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A little reminiscent of salt and pepper shrimp at Little Three Happiness, these tiny little people were lightly fried and had loads of flavor, complemented by small chilies that packed a lot more heat than I’m used to having in Taiwanese food. I don’t have an address for The Wild Duck, but Shuli is a small town, and this booming neighborhood place is right across from the roadside stand where they sell betel nuts, which made my throat feel weird. But that is another story.
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#9
Posted February 11th 2012, 11:22am
Katie wrote:The downside, in Taipei, at least, is warm (by which I mean outdoor air temperature) beer. I don't recall that being true in Macau, but can't be sure. I do know that as soon as we got back to Hong Kong we drank all the frosty cold beer we could get our hands on.


At the Kaohsiung night market, I stopped for some Taiwan noodle soup and beer (to set up belly for what I thought would be challenging blood cakes):

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When the server asked if I wanted my beer warm or cold, I'm afraid I looked at him with a "Are you kidding me?" glance before I said "Cold, please".

Wonder if cold beer in Hong Kong is reflection of British tradition.

Based on superficial observation, it seems that Taiwan seems not to have a strong booze culture. Bars, which are so plentifiul in our city, seemed rare, and looking out over restaurants, I noticed that almost no one was enjoying wine or other alcoholic beverages. Tea...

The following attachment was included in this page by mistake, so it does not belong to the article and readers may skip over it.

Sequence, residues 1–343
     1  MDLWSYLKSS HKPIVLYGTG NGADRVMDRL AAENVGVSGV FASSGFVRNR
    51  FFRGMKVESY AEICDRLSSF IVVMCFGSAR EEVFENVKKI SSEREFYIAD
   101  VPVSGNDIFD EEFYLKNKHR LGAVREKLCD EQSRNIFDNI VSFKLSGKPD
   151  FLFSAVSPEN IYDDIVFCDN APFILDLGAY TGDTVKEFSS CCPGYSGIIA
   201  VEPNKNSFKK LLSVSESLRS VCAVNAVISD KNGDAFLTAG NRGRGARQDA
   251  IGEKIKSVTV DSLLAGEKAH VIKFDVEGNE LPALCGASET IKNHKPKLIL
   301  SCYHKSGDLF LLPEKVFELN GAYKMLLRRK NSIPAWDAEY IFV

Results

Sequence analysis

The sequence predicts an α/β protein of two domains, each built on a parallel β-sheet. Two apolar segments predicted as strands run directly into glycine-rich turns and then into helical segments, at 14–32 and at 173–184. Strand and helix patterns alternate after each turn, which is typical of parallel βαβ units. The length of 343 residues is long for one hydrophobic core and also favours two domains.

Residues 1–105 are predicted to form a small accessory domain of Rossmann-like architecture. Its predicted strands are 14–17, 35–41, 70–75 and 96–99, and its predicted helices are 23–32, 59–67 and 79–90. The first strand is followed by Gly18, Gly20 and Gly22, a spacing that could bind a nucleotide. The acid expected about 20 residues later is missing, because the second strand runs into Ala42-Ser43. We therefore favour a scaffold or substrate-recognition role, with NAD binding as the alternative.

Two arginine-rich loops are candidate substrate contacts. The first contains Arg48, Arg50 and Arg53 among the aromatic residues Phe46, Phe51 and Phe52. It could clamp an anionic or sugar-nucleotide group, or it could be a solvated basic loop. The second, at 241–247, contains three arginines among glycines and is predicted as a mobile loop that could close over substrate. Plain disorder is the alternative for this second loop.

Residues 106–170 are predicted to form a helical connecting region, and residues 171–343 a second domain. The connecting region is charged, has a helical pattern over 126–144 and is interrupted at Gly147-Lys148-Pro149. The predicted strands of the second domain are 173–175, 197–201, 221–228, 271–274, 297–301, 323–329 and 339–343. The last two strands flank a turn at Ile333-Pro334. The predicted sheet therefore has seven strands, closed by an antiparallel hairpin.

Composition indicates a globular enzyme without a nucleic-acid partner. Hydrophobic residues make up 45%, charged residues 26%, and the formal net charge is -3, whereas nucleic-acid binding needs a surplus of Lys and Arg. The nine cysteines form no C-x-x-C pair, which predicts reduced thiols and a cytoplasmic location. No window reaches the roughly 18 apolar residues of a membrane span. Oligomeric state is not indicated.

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..and betel nuts..

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...however, are a whole 'nother story. In fact, regarding betel nuts, it's amazing that the country can support so many vendors, though I understand that some of these stands may be offering more than just the nuts.

[Note: above tea photo was taken at an Assam tea farm; Assam is a rather unusual tea to have in Taiwan, which is known more for oolongs and green teas, plus Assam is an Indian variety. The cultivation of this tea is owing to decision by Japanese that black tea would have a better market than green tea. Once the market for black tea dried up, they cut down the tea plants and started cultivating Betel trees, which are the big trees in this picture; small bushes are Assam tea plants.]
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“We all have to stand before the kitchen gods.” Chef Jacob Sahaya Kumar Aruni
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#10
Posted February 11th 2012, 1:44pm
Hammond, you strike me as a fella with an appreciation for a good gimmick.

Check out this place at the Bellavita - they may even do a ketchup XLB for ya:

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#11
Posted February 11th 2012, 4:41pm
Wow. Joining this thread late but will keep checking in. Glad to see Taiwan getting some love on this board. Are you still there? Kudos on trying chou doufu and treading the night markets. I couldn't abide a second helping of stinky tofu myself though my Taiwanese friends adore it. Have you made the de rigeur pilgramage to Din Tai Fung? Need any recos? How long are you there for? Taiwan must be buzzing with Linsanity.
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#12
Posted February 11th 2012, 6:18pm
titus wong wrote:Wow. Joining this thread late but will keep checking in. Glad to see Taiwan getting some love on this board. Are you still there? Kudos on trying chou doufu and treading the night markets. I couldn't abide a second helping of stinky tofu myself though my Taiwanese friends adore it. Have you made the de rigeur pilgramage to Din Tai Fung? Need any recos? How long are you there for? Taiwan must be buzzing with Linsanity.